What You Should Know About Parental Leave
Congrats if you're expecting! Things are about to change in a major way, especially if you are a first-time parent. And if you are employed, you will most likely be looking into maternity or paternity leave once the baby arrives. Bonding time, recuperation, feedings, diaper duty, and so on will fill your days and keep you up at night. But before you plan your leave, there are some things you should know. Let's delve in to five parental leave concerns so you are well-prepared and squared away leaving you better able to concentrate on your newest family member.
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You Probably Won't Get Paid
Some people are lucky to work for a company that pays them while they are out on parental leave, but this isn't the norm. According to Fairygodboss, "American women working in the U.S. who take leave are not guaranteed any benefit payments from the federal government. In fact, most receive no pay during their leave and instead rely on federal parental leave law (Family and Medical Leave Act or FMLA) to protect their job for up to 12 weeks."
That said, everything is usually up for discussion.Parentssuggests, "You may have to negotiate your way to a plan you and your employer can both agree on that will allow you the time off you need to physically and emotionally be ready to return to work without putting your family under financial strain."
Another option? Nolorecommends exercising your "right to use your accrued vacation or sick pay during your FMLA leave, as long as you meet the other requirements of your employer's policies."
It's Not Just for Women Who Have Recently Given Birth
When we think of taking time off for a new baby, for the most part, new moms come to mind first. But mothers and fathers reserve the right to partake in FMLA, as "family" is what this act is all about. Real Simple points out, "You don't have to be pregnant to qualify either: this applies to both mothers and fathers and can be used for those who are adopting or must take care for a sick relative."
Fairygodboss adds, "Parents – both men and women – are eligible for this leave within one year of welcoming a new child."
Times have changed over the decades, and families are created and function in all sorts of ways today. Naturally, a woman who recently gave birth has additional challenges, but caring for an infant takes lots of work, something all new parents will face – FMLA making it possible for either parent (or both) to partake in.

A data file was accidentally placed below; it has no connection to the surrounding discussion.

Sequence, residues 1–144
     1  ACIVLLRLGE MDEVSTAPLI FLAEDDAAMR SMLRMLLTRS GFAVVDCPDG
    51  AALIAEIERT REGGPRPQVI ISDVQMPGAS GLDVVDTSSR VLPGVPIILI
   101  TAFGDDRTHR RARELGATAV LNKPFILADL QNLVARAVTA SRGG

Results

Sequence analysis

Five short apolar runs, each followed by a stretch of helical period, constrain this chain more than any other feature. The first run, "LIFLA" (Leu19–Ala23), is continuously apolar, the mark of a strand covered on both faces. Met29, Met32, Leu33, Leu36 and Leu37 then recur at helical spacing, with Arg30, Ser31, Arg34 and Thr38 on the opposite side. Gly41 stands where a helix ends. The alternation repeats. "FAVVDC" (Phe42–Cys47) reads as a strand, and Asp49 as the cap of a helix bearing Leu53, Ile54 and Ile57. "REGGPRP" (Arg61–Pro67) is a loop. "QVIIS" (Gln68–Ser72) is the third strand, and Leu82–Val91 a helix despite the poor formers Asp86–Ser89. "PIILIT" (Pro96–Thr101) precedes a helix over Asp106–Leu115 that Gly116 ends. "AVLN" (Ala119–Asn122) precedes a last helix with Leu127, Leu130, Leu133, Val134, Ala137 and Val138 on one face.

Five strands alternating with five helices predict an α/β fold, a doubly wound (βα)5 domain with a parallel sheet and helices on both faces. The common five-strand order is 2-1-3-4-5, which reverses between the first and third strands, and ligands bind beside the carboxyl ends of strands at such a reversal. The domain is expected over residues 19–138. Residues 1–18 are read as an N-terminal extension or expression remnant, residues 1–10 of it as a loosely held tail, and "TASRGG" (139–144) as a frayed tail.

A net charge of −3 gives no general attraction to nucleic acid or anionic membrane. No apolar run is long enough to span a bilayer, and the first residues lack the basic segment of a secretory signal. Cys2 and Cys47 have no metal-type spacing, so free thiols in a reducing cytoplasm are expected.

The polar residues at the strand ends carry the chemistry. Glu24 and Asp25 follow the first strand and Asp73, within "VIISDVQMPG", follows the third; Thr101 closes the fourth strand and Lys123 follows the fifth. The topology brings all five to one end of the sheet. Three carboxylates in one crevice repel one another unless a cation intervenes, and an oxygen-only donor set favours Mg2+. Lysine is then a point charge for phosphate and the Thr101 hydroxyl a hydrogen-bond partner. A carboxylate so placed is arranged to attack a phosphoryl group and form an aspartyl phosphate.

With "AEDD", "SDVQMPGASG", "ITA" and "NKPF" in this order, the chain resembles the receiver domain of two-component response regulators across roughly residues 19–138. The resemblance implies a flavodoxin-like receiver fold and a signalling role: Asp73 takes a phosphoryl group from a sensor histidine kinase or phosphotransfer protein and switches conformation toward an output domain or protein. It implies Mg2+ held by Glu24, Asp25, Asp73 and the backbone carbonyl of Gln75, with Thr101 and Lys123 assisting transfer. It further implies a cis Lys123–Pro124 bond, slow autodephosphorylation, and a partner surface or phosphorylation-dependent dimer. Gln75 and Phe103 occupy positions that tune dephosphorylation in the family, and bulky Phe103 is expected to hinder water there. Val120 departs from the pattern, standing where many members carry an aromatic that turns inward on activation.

You Can Stagger Your Leave
The 12 weeks you are entitled to doesn't have to be used up in one stretch. You can take these weeks throughout the 12-month period you work out with your employer. According to The Bump, "If you have pregnancy complications, you might want or need to take some time off before baby arrives. The rest can be taken anytime over the 12-month period."
Real Simple adds, "You can take intermittent leave in which you leave for a while, return, and then take more leave. You can even work part-time until you've taken the equivalent of 12 weeks off."
Staggering your leave can be useful by "trading off" with your partner if they can take leave too. You'll also be back and forth at work, so you can stay in the loop and on top of projects without being absent for huge chunks of time.
You are Not Necessarily Entitled to Leave
But what about FMLA? See, that all depends on how long you have been employed at your current job and how many people work for the company. Too little time put in at a company means they aren't obligated to give you leave. As Real Simple explains, "Your employer doesn't have to give you family leave if you've worked at the company for under a year, or if you've worked fewer than 1,250 hours during that year. A company is also exempt if it has fewer than 50 employees."
Before you regret working for that small start-up, note, "You may still be entitled to a leave, albeit a shorter one, under the 1978 Pregnancy Discrimination Act. That law, which covers companies with 15 or more workers, requires employers to treat pregnant employees the same as any other disabled worker," as per Parents.
You'll Need to Get Yourself Ready for Return
After up to 12 weeks away from work, you're going to be more skilled at parenting, but a bit rusty when it comes to work. You've been busy with baby but the "show must go on," and your co-workers have been at it in your absence. To pick up where you left off, you'll need to prepare yourself for the challenge.
The founder of AaronB Fitness, an American Council on Exercise-certified personal trainer for over 17 years has important advice. "You should realize that gearing up mentally and physically to return to the office after a long stay at home with the baby is challenging. But you can prepare for it. You've probably lined up help to look after the baby once you return to the office. Take advantage of that a week or two sooner to allow you to get some physical activity back into your routine, such as a morning walk or jog, or a class at the gym. And try to get on a regular bedtime/wake-time schedule that will match your schedule when you're back to work. Do those two things ahead of time and you'll hit the ground running when you return to the office."
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